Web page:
If the user at decision block 402 had specified that a range of values is to be replaced, then processing would continue at process block 406. At process block 406, the user sets the lower limit by directly specifying the lower limit or by the graphical user interface providing a list of possible lower limit ranges that the user can use. Correspondingly, at process block 408, the user sets the upper limit either directly or by a list provided by the graphical user interface. At process block 410, the replacement value(s) for one or more of the ranges are set at process block 410. Both the original data values and the replacement data values are added to the replacement list at process block 412.
If the user wishes to add still more values for replacement as determined by decision block 414, then processing returns to decision block 402 so that the user can specify additional data values to be replaced. However, if the user has finished specifying values to be replaced, then processing continues at process block 416. At process block 416, the user is given the option as to whether a default value is to be used in the event that certain data values in the query results do not match any replacement criteria specified in the preceding steps. The replacement graphical user interface operations then complete at end block 418.
FIGS. 10-12 depict steps that may be used to construct an SQL statement in accordance with replacement values specified by a user through the replacement graphical user interface system. With reference to decision block 452 on FIG. 10, the system examines whether any of the specified replacement values are text or string values. If they are, then process block 454 sets a flag so that the text replacement values are enclosed within quotation marks. However, if the replacement values are not text or strings as determined by decision block 452, then process block 456 sets a flag to use the values without enclosing the values within quotation marks.
If all the values are discrete as determined by decision block 458, then process block 460 sets a flag to a true value to indicate that all the values are discrete. Process block 462 performs a syntax generation operation by creating the initial portion of the SQL CASE statement by writing “CASE <column>” where “<column>” indicates the column within the query results whose one or more values are to be replaced.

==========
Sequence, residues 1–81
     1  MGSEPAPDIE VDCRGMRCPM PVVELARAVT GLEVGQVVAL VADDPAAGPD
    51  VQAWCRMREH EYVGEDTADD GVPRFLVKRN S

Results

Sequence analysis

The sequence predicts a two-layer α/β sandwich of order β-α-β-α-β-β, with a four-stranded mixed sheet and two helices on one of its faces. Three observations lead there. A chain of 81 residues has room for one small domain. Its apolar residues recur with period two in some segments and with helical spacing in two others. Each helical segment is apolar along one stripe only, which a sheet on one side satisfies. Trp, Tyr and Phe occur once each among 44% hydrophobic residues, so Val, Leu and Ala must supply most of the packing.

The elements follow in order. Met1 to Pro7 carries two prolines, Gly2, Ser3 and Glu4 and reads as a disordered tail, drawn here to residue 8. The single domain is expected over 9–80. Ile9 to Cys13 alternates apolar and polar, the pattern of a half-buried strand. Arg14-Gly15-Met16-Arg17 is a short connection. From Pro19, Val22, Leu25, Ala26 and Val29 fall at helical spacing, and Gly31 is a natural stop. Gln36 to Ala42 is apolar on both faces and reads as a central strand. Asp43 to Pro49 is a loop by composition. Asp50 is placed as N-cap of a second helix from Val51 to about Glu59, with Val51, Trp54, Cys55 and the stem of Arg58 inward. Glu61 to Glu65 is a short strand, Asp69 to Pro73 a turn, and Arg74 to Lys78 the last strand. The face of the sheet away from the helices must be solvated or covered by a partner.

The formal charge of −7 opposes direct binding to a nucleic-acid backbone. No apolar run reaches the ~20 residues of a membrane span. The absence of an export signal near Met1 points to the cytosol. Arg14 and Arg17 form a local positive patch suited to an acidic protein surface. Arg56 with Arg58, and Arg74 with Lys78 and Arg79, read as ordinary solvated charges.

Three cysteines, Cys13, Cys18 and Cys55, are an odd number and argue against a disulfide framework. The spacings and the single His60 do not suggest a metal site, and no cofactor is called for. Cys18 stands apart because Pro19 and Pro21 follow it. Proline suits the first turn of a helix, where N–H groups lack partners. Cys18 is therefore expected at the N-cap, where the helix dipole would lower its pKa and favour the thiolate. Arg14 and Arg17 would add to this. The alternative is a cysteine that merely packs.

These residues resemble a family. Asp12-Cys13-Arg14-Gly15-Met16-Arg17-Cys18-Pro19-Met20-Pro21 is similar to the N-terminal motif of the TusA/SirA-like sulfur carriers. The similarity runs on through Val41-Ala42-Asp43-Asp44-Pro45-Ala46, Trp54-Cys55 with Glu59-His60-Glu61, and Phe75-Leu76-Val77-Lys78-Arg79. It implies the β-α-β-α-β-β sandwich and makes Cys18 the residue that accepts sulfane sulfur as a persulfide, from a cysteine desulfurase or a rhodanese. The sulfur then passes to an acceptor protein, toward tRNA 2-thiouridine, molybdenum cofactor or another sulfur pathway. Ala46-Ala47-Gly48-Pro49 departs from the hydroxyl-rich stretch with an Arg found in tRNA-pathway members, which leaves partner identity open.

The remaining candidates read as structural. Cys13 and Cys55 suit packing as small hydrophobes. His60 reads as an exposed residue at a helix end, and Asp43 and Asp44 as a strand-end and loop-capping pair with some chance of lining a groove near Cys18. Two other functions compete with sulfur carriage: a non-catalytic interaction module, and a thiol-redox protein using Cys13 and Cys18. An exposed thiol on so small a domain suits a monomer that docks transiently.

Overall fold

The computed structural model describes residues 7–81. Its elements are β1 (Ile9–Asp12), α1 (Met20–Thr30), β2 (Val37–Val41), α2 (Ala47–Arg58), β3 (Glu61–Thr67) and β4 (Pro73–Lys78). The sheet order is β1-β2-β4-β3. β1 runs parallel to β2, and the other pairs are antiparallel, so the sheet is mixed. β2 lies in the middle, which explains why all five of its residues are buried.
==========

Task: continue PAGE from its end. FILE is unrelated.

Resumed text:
If the values are not all discrete as determined by decision block 458, then process block 464 sets the flag's default, and process block 466 constructs the initial portion of the SQL case statement with the string “CASE”. Processing continues on FIG. 11 as indicated by continuation block 468.
With reference to FIG. 11, process block 470 appends the SQL term “WHEN” to the portion of the case statement already constructed by either process block 462 or process block 466. The case statement is further constructed through the following process. Decision block 472 examines whether all the replacement values are discrete. If they are, then process block 474 appends the already constructed SQL CASE statement with the “WHEN condition” suitable for data values that are all discrete. Such a suitable format would include appending the constant discreet values to the already constructed SQL CASE statement. An example where all replacement expressions are discrete is the following:
|WHEN 11 THEN ′eleven′|
|WHEN 12 THEN ′twelve′|
|WHEN 13 THEN ′thirteen′|
|WHEN 14 THEN ′fourteen′|
|WHEN 15 THEN ′fifteen′|
|WHEN 16 THEN ′sixteen′|
If the replacement values are not all discrete as determined by decision block 472, then decision block 476 is performed. Decision block 476 examines whether a specific item to be replaced is discrete. If it is, then process block 478 appends the already constructed case statement with a WHEN condition suitable for such a situation. An example of a mixture of discrete and range replacement expressions is contained in the following:
|WHEN 11 <= class.Age AND class.Age <= 12 THEN ′Middle|
|WHEN 13 <= class.Age AND class.Age <= 14 THEN ′Jr. High′|
|WHEN 15 = class.Age THEN ′Sophomore′|
|WHEN 16 = class.Age THEN ′Junior′|
|WHEN 11 <= class.Age AND class.Age <= 12 THEN|
|WHEN 13 <= class.Age AND class.Age <= 14 THEN ′Jr. High′|
|WHEN 15 <= class.Age AND class.Age <= 17 THEN ′High School′|
After the WHEN conditions have been appended to the case statement, process block 482 further appends a “THEN” portion to the SQL CASE statement under construction. A format that process block 482 may use is the following: “THEN <replacement value>”. Decision block 484 examines whether any more values specified by the user need to be replaced. If so, then processing returns to decision block 470 so that the next data item may be processed. However, if no more values are to be processed as determined by the decision block 484, then processing continues on FIG. 12 as indicated by continuation block 486.
With reference to FIG. 12, decision block 488 examines whether the user has specified a default value. If the user has specified a default value, then process block 490 appends to the SQL CASE statement under construction, the “ELSE” portion. Process block 490 may use the following format: “ELSE <default value>”. Process block 492 then completes the SQL CASE statement construction operation by appending the word “END” to the SQL CASE statement under construction.